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Getting to No: A Study of Settlement Negotiations
and the Selection of Cases for Trial
Samuel R. Gross
University of Michigan Law School,

Kent D. Syverud
University of Michigan Law School

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Recommended Citation
Gross, Samuel R. "Getting to No: A Study of Settlement Negotiations and the Selection of Cases for Trial." K. D. Syverud, co-author.
Mich. L. Rev. 90 (1991): 319-93.

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Samuel R. Gross*
Kent D. Syverud**

I. TRIAL AND SETrLEMENT THEORIES ................... 323
A. Priestand Klein on the Selection of Cases for Trial . 323
B. BargainingTheory and the Disposition of Litigated
Disputes ........................................... 327
II. DATA AND METHODS ................................. 330
A. DisaggregatingTypes of Claims .................... 333
B. Constructing Meaningful Measures of Plaintiff
Success ............................................ 335
C. Liability, Damages, and the Measure of Success ..... 338
IV. PERSONAL INJURY TRIALS ............................. 341
A. Zero-Offer Cases .................................. 342
1. The Expected Value of a Trial, Given the Offer.. 345
2. FinancingLitigation, Risk Aversion, and the
Contingent-Fee Structure ....................... 348
B. Positive-Offer Cases ................................ 352
C. Vehicular Negligence Cases ........................ 356
D. Medical Malpractice Cases ......................... 360
V. COMMERCIAL TRIALS .................................. 366
A. Commercial Transaction Cases ..................... 368
B. Employment Cases ................................. 373
* Professor of Law, University of Michigan. A.B. 1968, Columbia College; J.D. 1973, Uni-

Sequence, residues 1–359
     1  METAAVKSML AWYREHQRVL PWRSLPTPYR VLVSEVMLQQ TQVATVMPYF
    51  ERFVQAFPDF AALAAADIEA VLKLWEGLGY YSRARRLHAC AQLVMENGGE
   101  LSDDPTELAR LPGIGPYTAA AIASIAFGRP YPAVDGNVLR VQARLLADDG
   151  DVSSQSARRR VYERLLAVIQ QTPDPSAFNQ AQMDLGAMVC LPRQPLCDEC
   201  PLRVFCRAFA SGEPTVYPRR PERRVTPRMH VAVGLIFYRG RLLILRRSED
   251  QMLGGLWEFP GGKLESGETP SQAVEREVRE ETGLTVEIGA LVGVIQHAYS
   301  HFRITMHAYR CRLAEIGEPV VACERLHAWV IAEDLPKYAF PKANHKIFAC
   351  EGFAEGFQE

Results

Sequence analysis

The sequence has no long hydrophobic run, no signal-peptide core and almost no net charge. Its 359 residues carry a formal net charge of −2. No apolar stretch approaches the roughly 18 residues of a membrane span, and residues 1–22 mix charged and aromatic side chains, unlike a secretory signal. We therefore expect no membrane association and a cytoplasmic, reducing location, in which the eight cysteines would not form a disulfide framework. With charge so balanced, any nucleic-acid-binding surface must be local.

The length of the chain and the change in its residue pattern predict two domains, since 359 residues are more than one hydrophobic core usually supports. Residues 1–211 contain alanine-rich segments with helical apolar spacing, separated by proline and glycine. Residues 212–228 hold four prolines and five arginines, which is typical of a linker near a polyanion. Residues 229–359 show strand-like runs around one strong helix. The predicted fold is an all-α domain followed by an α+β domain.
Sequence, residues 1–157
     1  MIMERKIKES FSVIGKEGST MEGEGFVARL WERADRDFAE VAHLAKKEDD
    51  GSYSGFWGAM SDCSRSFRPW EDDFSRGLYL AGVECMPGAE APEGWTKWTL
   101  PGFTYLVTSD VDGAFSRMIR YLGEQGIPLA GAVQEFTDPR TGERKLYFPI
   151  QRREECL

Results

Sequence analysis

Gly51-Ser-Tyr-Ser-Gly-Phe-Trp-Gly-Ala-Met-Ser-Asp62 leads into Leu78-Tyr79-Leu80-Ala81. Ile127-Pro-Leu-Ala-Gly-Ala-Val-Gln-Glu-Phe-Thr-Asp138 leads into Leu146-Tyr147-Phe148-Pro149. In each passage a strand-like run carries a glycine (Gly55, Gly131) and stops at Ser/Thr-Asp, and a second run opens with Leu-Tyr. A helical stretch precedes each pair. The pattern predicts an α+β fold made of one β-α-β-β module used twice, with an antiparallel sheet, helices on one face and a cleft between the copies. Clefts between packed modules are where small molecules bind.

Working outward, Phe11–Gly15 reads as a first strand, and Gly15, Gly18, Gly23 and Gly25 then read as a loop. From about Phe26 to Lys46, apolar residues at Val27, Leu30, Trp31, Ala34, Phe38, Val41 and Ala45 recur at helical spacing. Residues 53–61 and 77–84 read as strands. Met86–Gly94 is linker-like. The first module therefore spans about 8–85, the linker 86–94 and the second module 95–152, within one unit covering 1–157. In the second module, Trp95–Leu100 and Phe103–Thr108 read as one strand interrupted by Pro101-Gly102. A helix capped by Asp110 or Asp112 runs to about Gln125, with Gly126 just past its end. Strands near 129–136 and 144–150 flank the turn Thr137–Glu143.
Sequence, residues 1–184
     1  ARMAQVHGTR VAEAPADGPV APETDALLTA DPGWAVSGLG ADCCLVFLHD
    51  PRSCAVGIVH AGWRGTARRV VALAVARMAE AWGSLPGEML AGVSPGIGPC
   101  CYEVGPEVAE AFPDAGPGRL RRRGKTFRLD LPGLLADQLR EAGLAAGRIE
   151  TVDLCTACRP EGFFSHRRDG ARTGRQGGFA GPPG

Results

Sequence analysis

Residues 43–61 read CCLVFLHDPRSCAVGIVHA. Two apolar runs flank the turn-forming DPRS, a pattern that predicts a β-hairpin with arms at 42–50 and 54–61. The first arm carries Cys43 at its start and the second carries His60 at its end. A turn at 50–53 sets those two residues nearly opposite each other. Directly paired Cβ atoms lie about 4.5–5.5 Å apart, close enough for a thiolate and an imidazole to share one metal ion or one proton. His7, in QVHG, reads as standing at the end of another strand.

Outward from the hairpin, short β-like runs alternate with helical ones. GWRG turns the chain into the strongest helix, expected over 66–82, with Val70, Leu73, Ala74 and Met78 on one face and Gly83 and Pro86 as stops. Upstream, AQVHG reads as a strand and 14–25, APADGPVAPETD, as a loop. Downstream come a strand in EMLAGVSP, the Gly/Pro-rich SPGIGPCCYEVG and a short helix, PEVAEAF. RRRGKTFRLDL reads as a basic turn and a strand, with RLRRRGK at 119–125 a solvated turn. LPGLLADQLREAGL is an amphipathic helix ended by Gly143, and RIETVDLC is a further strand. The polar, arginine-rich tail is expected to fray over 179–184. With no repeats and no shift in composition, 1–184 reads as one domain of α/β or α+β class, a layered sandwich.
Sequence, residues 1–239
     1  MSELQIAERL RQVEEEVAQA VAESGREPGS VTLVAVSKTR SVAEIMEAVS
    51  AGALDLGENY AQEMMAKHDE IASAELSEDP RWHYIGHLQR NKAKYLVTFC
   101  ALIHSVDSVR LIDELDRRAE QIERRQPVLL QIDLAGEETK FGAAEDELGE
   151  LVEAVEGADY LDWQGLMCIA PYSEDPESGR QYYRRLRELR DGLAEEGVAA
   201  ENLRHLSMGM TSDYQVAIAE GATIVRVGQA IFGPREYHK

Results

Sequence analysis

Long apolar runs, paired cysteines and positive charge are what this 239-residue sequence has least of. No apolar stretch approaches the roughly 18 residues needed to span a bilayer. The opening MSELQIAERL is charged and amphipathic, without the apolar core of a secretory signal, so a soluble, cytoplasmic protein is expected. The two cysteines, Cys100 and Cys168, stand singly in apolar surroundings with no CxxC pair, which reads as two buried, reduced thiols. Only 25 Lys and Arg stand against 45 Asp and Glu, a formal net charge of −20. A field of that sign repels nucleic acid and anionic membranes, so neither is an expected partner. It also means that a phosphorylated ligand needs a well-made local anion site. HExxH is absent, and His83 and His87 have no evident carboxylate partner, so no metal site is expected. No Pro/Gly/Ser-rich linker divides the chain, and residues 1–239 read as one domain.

versity of California, Berkeley. - Ed.
** Assistant Professor of Law, University of Michigan. B.S.F.S. 1977, Georgetown Univer-
sity; J.D. 1981, M.A. 1983, University of Michigan. - Ed.
We thank Terry Adams, David Chambers, Theodore Eisenberg, Phoebe Ellsworth, Marc
Galanter, Mark Grady, Richard Kaplan, Herbert Kritzer, Richard Lempert, Avery Katz,
Nicholas Rine, Daniel Rubinfeld, Charles Silver, Neil Vidmar, and the participants in seminars
at the 1990 Law & Society Association meetings, and at the Duke, Texas, and Michigan Law
Schools for helpful comments on early drafts. Kay Schuster carefully typed and revised the
manuscript, as did Marcea Metzler, who also prepared the graphics and assisted in compiling the
data. Terry Adams provided extensive advice and assistance with statistical analysis. Patrick
Adair, Mark Badalamente, Yonkel Goldstein, Sarah Kleaveland, Samantha Mitty, Maurice
Rose, and Jeffrey Schneider provided invaluable research assistance at various stages of this pro-
ject. The research was supported by Cook Funds of the University of Michigan Law School.

Michigan Law Review [Vol. 90:319

C. Real Estate Cases.................................. 377

A trial is a failure. Although we celebrate it as the centerpiece of
our system of justice, we know that trial is not only an uncommon
method of resolving disputes, but a disfavored one. With some notable
exceptions, lawyers, judges, and commentators agree that pretrial set-
tlement is almost always cheaper, faster, and better than trial.I Much
of our civil procedure is justified by the desire to promote settlement
and avoid trial. 2 More important, the nature of our civil process
drives parties to settle so as to avoid the costs, delays, and uncertain-
ties of trial, and, in many cases, to agree upon terms that are beyond
the power or competence of courts to dictate.3 These are powerful
forces, and they produce settlement in a very high proportion of liti-
gated disputes. Once in a while, however, the process fails and a case
goes to trial.
Why do these failures occur? One answer is obvious. For every
trial, there is at least one person - an attorney, a client, a claims
manager - who said "no" to a settlement. Who said no, and why?
We asked lawyers and we received a wide range of answers: "The
client was stubborn"; "The plaintiff wanted too much"; "We didn't